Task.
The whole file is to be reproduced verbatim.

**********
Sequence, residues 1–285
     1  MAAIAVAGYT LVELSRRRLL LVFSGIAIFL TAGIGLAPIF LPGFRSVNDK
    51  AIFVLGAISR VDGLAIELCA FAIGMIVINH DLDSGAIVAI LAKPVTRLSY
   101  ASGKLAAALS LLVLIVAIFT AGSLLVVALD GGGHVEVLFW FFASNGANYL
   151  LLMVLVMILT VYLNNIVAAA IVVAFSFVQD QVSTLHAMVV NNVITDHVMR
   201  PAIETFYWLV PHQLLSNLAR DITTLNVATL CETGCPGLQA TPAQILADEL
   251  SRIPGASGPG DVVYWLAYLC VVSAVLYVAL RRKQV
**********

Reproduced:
Sequence, residues 1–285
     1  MAAIAVAGYT LVELSRRRLL LVFSGIAIFL TAGIGLAPIF LPGFRSVNDK
    51  AIFVLGAISR VDGLAIELCA FAIGMIVINH DLDSGAIVAI LAKPVTRLSY
   101  ASGKLAAALS LLVLIVAIFT AGSLLVVALD GGGHVEVLFW FFASNGANYL
   151  LLMVLVMILT VYLNNIVAAA IVVAFSFVQD QVSTLHAMVV NNVITDHVMR
   201  PAIETFYWLV PHQLLSNLAR DITTLNVATL CETGCPGLQA TPAQILADEL
   251  SRIPGASGPG DVVYWLAYLC VVSAVLYVAL RRKQV